“In particular, patients who are already susceptible are more at risk of acute infection,” says Patel. “So immunocompromised patients with severe asthma; patients who are waiting for lung transplants. We have to be really careful about getting on top of any existing gum disease.”


This may seem like an odd link at first. How can poor mouth hygiene be connected to a disease that is driven by a malfunctioning pancreas? However, studies have found a bidirectional relationship between diabetes and gum disease.

Poor blood sugar control can stimulate an overgrowth of harmful bacteria in the mouth, while chronic infections from untreated periodontal problems can induce surges of inflammation in the bloodstream, causing rising blood sugar levels and making the condition harder to manage.

“If the bacteria in your mouth hang around for any length of time, they start producing this stuff called endotoxins,” says Woodhouse. “The body reacts to them and floods the area with inflammatory products, and all those nasty chemicals and toxins floating in your bloodstream go on to mess up lots and lots of bodily systems. Diabetes and periodontal disease: it’s a bit of a chicken and egg scenario. They both exacerbate each other.”

One study showed that those with chronic gum disease were more likely to develop Alzheimer’s
One study showed that those with chronic gum disease were more likely to develop Alzheimer’s - Matthias Kulka/Getty


Could regular flossing be the key to preserving your mental faculties in later life? The link between oral bacteria and the brain is one of the most compelling new frontiers in dementia research.

One study of 28,000 patients in Taiwan found that those with chronic gum disease for more than a decade were 1.7 times more likely to be at risk of developing Alzheimer’s disease.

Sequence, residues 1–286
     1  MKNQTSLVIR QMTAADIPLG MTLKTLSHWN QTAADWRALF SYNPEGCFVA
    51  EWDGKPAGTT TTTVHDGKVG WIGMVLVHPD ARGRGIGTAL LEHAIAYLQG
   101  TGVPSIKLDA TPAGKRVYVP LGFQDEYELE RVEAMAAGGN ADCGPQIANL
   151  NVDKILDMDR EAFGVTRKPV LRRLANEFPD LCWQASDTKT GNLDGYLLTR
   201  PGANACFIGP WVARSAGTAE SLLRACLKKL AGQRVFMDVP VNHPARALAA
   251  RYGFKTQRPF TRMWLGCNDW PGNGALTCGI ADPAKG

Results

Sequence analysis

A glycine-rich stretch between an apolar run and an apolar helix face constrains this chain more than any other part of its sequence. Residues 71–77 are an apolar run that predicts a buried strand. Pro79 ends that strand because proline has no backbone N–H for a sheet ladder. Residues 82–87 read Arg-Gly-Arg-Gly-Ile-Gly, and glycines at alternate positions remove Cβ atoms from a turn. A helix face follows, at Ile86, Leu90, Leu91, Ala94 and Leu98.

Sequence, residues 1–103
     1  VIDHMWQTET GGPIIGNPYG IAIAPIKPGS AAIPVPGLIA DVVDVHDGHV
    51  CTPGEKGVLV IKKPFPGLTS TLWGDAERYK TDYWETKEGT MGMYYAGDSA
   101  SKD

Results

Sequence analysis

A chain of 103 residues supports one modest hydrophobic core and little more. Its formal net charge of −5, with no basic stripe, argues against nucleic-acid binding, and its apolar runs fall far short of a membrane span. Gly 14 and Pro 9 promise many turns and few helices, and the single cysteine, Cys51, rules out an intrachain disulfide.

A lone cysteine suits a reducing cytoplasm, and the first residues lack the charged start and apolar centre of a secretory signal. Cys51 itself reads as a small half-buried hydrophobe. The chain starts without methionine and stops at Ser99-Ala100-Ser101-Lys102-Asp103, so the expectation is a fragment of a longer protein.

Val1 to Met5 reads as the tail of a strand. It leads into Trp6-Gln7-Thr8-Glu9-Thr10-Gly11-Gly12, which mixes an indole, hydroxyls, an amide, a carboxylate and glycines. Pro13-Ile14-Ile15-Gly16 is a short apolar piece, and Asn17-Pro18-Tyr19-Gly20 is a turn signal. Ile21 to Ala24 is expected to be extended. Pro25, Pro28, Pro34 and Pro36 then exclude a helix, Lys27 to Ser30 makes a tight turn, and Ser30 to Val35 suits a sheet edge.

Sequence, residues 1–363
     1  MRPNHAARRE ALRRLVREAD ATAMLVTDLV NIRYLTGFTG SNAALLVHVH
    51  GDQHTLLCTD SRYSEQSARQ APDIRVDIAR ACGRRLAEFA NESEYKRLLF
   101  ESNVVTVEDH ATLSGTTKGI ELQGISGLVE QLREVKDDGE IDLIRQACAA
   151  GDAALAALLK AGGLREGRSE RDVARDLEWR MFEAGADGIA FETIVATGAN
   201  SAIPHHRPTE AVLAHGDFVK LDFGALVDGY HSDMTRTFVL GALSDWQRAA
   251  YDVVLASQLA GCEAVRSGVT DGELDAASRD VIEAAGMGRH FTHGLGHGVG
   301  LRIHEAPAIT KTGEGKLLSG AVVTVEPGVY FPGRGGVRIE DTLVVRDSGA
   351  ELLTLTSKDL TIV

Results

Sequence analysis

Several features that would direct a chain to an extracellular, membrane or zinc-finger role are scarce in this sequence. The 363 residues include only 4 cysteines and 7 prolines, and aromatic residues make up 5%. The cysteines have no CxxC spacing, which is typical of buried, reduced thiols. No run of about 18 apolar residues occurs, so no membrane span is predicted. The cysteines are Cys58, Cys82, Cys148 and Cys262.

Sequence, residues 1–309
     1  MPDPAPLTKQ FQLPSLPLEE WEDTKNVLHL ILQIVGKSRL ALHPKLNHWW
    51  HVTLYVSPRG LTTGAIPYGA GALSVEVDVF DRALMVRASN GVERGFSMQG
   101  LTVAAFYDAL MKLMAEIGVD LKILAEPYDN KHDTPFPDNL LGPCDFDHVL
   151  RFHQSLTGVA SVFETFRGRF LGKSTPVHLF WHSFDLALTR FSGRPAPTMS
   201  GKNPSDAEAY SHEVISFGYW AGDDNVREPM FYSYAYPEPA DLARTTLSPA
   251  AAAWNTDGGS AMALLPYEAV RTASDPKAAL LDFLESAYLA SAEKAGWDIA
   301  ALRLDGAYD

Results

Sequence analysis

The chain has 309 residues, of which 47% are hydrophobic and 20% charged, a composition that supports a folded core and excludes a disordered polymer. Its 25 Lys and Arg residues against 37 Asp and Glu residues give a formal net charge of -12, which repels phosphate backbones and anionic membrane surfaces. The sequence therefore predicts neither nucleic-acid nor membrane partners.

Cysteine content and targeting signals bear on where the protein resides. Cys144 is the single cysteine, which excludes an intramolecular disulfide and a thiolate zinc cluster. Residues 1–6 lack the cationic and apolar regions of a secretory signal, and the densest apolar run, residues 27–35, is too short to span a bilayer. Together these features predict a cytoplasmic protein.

Scientists have even found evidence of toxins secreted by P. gingivalis in the brains of deceased Alzheimer’s patients. It is thought that these toxins may be capable of passing from the blood into the brain where they cause structural damage over time. “There are more of these enzymes in the regions that we know are more damaged in Alzheimer’s disease, and less elsewhere,” says Dr Tomas Welsh, medical director of the Research Institute for the Care of Older People.

Drug companies have even attempted to develop therapeutics to block the activity of these toxins and prevent them reaching the brain, although so far this approach has had limited success.

Having rheumatoid arthritis can worsen your oral health - and vice versa
Having rheumatoid arthritis can worsen your oral health - and vice versa - sbk_20d pictures

Painful joints

Just like diabetes, having rheumatoid arthritis can worsen your oral health, while poor mouth hygiene can exacerbate this painful condition which causes swelling in the joints.

“The more inflammatory chemicals there are in your bloodstream, the more likely you are to have inflammatory problems,” says Woodhouse. “And if you have gum problems, your joint problems will be much worse.”